Here’s a good yarn -we’re raising the baa

For the second year in a row Wool Producers Australia is conducting their Raising the Baa Leadership Program, and for the second year in a row our Young Farming Champions are right in the spotlight.

The leadership course has two components, the first of which is the Youth Ambassador role. “The Youth Ambassador position exposes people aged 18 -35 years to policy within Wool Producers and gives them the opportunity to learn and understand the policy cycle and how a board works so they understand how many decisions that affect the wool industry are handled by Wool Producers,” Wool Producers Australia President, Mr Ed Storey says.

Dione Howard was the inaugural Wool Producers Youth Ambassador in 2018 and part of her role was to attend Wool Producers’ board meetings. “I had very little experience with policy prior to the Youth Ambassador role,” Dione says. “It has opened up a whole new world in the agricultural space and I feel that I now have a much clearer idea of how decisions are made that affect farmers and people like myself as a veterinarian.”

In 2019 Wool Producers has nominated two Youth Ambassadors, one of who is Sam Wan

” I saw this as an opportunity to gain insight into the organisation and actively learn in the role,  have a strong interest in learning the intricacies of identifying needs and key stages for policy development and to gain a working understanding of industry governance, achieving objectives and driving improvement within the bounds of shareholders, regulators and the wider community. I see an understanding of the processes behind regulations being able to positively impact my role and scope as a wool broker and day to day dealings with wool growers.” say Sam

There is no denying Sam’s enthusiasm for sharing the wool story far and wide as this video of her engaging with students at the 2019 Sydney Royal Easter Show Primary School Preview Day shows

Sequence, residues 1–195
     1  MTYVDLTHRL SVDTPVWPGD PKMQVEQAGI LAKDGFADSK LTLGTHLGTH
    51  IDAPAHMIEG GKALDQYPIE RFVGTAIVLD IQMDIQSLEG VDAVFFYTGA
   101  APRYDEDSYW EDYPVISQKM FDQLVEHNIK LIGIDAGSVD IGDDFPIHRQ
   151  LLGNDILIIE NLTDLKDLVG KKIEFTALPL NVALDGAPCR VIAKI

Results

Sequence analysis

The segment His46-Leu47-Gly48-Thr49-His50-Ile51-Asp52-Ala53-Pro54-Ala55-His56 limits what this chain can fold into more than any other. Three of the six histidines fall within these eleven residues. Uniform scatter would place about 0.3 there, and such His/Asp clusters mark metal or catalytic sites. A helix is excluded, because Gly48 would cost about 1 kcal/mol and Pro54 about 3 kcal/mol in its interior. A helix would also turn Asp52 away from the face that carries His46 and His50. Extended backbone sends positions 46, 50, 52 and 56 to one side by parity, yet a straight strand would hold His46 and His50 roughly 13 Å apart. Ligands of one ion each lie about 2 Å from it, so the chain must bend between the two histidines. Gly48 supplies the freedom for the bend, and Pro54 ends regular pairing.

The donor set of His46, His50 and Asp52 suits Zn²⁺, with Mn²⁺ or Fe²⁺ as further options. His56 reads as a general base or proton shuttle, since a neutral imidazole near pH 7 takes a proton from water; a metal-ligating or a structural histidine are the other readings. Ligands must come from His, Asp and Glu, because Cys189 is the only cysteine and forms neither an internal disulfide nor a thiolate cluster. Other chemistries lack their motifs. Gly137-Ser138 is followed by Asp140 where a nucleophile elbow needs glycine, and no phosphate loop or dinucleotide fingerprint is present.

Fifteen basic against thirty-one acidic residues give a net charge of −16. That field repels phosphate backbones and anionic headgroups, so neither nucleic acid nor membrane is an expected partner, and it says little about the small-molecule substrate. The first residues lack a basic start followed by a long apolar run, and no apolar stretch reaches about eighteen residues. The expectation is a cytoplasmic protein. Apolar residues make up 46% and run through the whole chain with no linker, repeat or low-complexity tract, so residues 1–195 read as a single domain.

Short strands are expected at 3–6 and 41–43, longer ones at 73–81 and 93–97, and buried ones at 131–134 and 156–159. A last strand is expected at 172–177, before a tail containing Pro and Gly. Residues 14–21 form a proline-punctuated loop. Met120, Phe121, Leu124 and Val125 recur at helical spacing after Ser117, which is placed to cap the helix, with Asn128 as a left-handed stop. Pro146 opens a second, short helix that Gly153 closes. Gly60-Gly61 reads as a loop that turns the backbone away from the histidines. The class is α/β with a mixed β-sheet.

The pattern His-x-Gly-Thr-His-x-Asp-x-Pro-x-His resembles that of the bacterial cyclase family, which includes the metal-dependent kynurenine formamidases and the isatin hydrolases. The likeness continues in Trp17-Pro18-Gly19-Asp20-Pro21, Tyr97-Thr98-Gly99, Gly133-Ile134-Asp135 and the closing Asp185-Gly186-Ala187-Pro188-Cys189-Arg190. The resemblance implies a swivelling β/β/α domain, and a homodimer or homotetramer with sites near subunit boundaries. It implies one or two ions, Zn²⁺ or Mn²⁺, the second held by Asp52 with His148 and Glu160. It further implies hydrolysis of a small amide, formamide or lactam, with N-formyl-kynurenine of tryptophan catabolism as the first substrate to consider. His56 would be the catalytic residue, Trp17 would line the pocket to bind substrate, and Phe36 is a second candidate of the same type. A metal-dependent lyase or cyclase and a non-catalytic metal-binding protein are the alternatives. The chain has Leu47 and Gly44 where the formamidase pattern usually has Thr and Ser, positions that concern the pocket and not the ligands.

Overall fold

Dione will be continuing the program in 2019 with its second component – a fully-funded Company Directors Course with the Australian Institute of Company Directors.

“The Company Directors Course is a fantastic opportunity for future leaders from all sectors of the wool industry to develop and refine their leadership skills for positions on industry Boards,” Ed says. “The skills are very important to ensure good governance and leadership is understood before people contribute to a Board.”

“It is an awesome opportunity to finish the Wool Producers Youth Ambassadorship with the AICD Company Directors Course,I believe it will assist me to take the next step in my leadership journey. I have been fortunate enough to receive the benefit of immersive workshops through the Young Farming Champions program sponsored by AWI and these have enabled me to develop my skills for delivering outcomes for the wool industry on the ground, in schools and at industry events. I believe that by completing the Company Directors course I will expand my skill set to be able to deliver for the wool industry from a governance perspective.” ” Dione says.

Primary School Preview Day an opportunity to meet the scientists and young people working in agriculture

On April 11 the Royal Agricultural Society of NSW will run their Primary School Preview Day at the Sydney Royal Easter Show, and Picture You in Agriculture (PYiA) and the Young Farming Champions (YFC) will be right in the thick of it once again.

The Primary School Preview Day is an invitation for students in Years 4-6 to experience the show behind the scenes and to learn about Australian agriculture in a series of fun and interactive workshops.